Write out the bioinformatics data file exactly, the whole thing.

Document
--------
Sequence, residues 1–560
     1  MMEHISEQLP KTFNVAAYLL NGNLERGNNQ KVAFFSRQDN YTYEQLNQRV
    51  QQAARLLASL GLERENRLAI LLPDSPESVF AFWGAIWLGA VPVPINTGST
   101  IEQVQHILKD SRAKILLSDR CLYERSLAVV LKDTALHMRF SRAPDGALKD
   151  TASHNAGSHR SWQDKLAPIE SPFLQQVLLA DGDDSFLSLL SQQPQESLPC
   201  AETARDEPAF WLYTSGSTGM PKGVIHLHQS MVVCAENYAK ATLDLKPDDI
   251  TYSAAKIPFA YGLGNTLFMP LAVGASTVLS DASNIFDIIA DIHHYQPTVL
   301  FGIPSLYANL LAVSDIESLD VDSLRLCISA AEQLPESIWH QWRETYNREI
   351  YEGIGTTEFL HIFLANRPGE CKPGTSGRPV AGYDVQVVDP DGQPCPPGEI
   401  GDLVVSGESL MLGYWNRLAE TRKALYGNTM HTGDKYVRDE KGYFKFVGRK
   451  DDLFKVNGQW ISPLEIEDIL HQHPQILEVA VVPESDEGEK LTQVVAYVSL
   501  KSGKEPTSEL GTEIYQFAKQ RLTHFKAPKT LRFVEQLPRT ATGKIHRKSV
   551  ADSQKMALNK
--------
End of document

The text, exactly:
Sequence, residues 1–560
     1  MMEHISEQLP KTFNVAAYLL NGNLERGNNQ KVAFFSRQDN YTYEQLNQRV
    51  QQAARLLASL GLERENRLAI LLPDSPESVF AFWGAIWLGA VPVPINTGST
   101  IEQVQHILKD SRAKILLSDR CLYERSLAVV LKDTALHMRF SRAPDGALKD
   151  TASHNAGSHR SWQDKLAPIE SPFLQQVLLA DGDDSFLSLL SQQPQESLPC
   201  AETARDEPAF WLYTSGSTGM PKGVIHLHQS MVVCAENYAK ATLDLKPDDI
   251  TYSAAKIPFA YGLGNTLFMP LAVGASTVLS DASNIFDIIA DIHHYQPTVL
   301  FGIPSLYANL LAVSDIESLD VDSLRLCISA AEQLPESIWH QWRETYNREI
   351  YEGIGTTEFL HIFLANRPGE CKPGTSGRPV AGYDVQVVDP DGQPCPPGEI
   401  GDLVVSGESL MLGYWNRLAE TRKALYGNTM HTGDKYVRDE KGYFKFVGRK
   451  DDLFKVNGQW ISPLEIEDIL HQHPQILEVA VVPESDEGEK LTQVVAYVSL
   501  KSGKEPTSEL GTEIYQFAKQ RLTHFKAPKT LRFVEQLPRT ATGKIHRKSV
   551  ADSQKMALNK